The startling effects of the passage of time come into sharp focus in aerial images taken of Fukushima’s “difficult-to-return zones” in the seventh summer since the March 2011 nuclear disaster.

The bird’s-eye view pictures were captured in abandoned areas near the crippled Fukushima No. 1 nuclear power plant in Okuma and Futaba in Fukushima Prefecture.

The disaster unfolded after the magnitude-9.0 Great East Japan Earthquake spawned a tsunami that devastated coastal areas of the Tohoku region, including Tokyo Electric Power Co.’s Fukushima No. 1 plant.

The Okuma outlet of Plant-4, a large shopping mall located 3 kilometers away from the nuclear plant along National Route No. 6, had been bustling with visitors before the disaster.

Today, weeds grow from the cracks of the asphalt-surfaced mall parking lot, slowly creeping through the expanse of space.

One striking image shows the exterior of the TEPCO-owned condominium building, which housed its employees in Futaba, is becoming covered with rampant weeds that have reached the second floor.

Another photo shows cars that cannot be recovered are partially buried, appearing as if they are sinking into a sea of green.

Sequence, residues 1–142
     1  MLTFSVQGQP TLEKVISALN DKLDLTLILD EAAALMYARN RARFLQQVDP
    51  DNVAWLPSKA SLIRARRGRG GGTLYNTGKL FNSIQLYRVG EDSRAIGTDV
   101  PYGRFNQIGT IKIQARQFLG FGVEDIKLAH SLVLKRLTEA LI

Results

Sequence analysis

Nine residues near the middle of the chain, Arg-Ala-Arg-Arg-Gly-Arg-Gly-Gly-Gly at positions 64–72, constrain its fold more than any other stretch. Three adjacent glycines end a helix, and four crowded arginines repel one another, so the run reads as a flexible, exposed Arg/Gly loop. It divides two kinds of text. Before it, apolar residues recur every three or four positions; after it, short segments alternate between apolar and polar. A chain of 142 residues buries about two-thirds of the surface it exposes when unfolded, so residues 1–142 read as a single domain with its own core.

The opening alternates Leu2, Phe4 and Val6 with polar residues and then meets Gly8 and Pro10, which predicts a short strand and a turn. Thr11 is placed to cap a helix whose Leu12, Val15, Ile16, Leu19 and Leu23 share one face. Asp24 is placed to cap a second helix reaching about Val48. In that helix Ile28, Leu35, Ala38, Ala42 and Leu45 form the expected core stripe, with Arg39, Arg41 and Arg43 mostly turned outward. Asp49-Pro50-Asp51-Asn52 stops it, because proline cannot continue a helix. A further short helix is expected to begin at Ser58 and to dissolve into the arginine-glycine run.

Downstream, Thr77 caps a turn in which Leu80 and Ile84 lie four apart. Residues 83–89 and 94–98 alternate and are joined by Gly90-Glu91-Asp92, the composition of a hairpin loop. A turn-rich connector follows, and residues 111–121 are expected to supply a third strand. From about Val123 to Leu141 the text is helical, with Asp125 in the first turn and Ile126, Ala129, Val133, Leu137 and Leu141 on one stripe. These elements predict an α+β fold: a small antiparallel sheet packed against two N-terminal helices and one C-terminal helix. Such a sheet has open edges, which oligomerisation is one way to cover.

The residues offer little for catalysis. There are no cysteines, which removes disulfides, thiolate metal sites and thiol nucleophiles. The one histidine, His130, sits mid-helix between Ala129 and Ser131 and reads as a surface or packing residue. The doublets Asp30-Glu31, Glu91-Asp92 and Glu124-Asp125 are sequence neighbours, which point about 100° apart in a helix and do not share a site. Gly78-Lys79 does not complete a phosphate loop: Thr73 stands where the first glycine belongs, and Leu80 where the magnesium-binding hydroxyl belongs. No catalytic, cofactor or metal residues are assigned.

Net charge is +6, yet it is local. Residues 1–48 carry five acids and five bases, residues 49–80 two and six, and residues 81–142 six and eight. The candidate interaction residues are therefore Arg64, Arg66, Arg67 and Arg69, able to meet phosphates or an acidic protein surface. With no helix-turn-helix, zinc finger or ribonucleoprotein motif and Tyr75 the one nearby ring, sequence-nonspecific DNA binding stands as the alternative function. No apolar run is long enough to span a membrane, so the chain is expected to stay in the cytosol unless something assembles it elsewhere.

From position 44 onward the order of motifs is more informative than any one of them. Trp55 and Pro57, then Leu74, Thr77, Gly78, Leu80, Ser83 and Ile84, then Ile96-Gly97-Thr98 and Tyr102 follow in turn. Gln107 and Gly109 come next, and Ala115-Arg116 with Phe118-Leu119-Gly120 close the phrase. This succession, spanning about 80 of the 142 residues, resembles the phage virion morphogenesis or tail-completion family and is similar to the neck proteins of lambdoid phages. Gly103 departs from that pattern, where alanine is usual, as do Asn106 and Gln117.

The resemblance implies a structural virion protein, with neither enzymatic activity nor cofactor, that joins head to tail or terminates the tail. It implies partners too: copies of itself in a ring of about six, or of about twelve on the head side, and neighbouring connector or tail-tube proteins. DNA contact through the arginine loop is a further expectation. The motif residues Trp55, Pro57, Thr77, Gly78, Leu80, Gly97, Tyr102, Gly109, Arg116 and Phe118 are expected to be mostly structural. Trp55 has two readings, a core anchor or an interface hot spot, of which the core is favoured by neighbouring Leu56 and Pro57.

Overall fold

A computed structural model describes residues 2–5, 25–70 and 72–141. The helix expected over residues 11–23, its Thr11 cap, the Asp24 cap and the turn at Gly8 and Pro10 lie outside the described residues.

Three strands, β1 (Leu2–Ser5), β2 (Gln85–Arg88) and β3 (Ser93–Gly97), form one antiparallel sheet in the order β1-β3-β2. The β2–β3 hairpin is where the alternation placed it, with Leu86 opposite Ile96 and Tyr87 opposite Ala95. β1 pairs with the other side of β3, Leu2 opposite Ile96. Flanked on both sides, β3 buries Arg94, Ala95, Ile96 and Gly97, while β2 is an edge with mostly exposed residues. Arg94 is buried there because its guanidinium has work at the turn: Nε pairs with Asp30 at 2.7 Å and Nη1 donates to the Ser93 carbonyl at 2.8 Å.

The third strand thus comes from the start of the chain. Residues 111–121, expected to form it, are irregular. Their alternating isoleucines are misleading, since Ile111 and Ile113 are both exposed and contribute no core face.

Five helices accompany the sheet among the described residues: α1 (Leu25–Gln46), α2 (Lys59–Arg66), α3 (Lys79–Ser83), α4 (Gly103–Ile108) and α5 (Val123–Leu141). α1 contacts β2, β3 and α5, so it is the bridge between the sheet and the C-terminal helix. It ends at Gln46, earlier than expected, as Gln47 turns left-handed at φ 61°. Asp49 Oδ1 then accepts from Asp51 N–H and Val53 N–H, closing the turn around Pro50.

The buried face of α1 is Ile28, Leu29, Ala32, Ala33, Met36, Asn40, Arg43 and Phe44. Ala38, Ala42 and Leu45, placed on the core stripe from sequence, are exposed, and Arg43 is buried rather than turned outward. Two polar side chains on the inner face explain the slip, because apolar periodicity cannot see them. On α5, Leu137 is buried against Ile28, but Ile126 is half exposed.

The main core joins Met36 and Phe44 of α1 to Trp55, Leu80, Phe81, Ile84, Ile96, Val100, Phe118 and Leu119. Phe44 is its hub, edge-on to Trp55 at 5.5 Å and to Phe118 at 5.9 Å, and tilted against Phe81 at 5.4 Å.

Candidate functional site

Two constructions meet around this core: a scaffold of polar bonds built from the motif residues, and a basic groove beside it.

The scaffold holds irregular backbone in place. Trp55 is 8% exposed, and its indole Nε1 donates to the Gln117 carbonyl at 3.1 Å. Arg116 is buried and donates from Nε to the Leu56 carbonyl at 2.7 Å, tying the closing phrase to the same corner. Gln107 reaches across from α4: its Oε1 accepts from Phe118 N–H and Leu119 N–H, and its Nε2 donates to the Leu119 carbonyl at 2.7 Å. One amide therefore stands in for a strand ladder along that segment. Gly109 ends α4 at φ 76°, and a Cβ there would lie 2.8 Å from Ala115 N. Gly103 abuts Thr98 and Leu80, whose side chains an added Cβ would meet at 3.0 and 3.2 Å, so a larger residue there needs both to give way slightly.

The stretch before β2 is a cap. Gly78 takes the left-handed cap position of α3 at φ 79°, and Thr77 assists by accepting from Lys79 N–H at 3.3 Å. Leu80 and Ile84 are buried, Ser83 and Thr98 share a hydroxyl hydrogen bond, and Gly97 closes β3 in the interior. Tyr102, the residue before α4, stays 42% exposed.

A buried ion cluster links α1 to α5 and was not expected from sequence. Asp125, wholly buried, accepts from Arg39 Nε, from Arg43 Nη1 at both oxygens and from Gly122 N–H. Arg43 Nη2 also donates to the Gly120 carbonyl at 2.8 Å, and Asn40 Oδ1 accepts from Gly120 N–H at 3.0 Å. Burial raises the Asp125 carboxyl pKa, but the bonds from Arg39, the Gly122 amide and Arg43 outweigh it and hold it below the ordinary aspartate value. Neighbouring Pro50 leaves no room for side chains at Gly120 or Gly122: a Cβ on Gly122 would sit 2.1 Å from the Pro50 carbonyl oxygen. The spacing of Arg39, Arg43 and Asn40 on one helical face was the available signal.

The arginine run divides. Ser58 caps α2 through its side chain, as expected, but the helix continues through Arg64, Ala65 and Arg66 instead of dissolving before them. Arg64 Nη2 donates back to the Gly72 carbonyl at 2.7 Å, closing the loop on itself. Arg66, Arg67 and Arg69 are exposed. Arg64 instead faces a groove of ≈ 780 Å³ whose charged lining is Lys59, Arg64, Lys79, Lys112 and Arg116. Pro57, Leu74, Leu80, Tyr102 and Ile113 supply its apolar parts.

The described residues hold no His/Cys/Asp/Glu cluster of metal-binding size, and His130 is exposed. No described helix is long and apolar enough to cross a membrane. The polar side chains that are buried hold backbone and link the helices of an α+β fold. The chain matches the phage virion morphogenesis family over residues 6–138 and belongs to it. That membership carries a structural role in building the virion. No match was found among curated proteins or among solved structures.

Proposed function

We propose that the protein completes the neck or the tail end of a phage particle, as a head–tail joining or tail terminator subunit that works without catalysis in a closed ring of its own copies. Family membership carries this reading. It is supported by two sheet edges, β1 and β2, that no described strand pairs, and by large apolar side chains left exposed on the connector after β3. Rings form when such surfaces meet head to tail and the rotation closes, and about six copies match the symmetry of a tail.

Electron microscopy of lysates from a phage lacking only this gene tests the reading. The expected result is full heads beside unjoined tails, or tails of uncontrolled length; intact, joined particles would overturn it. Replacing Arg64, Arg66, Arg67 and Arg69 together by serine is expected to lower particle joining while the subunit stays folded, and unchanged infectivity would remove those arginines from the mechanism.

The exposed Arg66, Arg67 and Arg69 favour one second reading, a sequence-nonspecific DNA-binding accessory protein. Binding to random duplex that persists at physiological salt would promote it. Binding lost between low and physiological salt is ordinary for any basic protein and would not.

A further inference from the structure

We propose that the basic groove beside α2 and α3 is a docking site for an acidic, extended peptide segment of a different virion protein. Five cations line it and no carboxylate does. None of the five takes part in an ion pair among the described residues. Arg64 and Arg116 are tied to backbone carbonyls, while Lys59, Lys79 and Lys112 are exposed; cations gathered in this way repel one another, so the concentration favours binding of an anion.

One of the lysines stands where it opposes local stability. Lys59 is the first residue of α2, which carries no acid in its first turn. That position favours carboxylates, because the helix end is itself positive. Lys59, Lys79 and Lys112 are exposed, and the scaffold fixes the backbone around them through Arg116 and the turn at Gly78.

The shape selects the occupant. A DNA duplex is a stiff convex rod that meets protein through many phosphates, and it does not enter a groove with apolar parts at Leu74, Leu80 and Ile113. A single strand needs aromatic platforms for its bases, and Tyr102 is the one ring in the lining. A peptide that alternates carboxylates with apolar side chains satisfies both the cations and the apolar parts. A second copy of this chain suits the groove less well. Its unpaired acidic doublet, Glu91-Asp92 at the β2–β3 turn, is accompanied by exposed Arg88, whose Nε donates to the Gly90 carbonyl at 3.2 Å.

http://www.asahi.com/ajw/articles/AJ201708010034.html

August 3, 2017 Posted by | Fukushima 2017 | , | Leave a comment

Public funds earmarked to decontaminate Fukushima’s ‘difficult-to-return’ zone

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The so-called “difficult-to-return” areas are colored in grey

The government is set to inject some 30 billion yen in public funds into work to decontaminate so-called “difficult-to-return” areas whose annual radiation levels topped 50 millisieverts in 2012 due to the Fukushima No. 1 Nuclear Power Plant disaster, it has been learned.
While the government had maintained that it would demand plant operator Tokyo Electric Power Co. (TEPCO) cover the decontamination expenses based on the polluter-pays principle, the new plan effectively relieves TEPCO from the hefty financial burden by having taxpayers shoulder the costs.

The new plan is part of the government’s basic guidelines for “reconstruction bases” to be set up in each municipality within the difficult-to-return zone in Fukushima Prefecture from fiscal 2017, with the aim of prioritizing decontamination work and infrastructure restoration there. The government is seeking to lift evacuation orders for the difficult-to-return zone in five years.